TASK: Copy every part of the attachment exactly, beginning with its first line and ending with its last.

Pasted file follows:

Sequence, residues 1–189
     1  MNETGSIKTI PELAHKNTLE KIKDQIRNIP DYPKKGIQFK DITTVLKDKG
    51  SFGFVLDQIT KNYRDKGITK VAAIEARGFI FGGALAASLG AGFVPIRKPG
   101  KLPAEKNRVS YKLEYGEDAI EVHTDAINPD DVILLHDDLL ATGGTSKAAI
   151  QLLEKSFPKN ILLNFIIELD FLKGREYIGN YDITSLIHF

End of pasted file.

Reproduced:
Sequence, residues 1–189
     1  MNETGSIKTI PELAHKNTLE KIKDQIRNIP DYPKKGIQFK DITTVLKDKG
    51  SFGFVLDQIT KNYRDKGITK VAAIEARGFI FGGALAASLG AGFVPIRKPG
   101  KLPAEKNRVS YKLEYGEDAI EVHTDAINPD DVILLHDDLL ATGGTSKAAI
   151  QLLEKSFPKN ILLNFIIELD FLKGREYIGN YDITSLIHF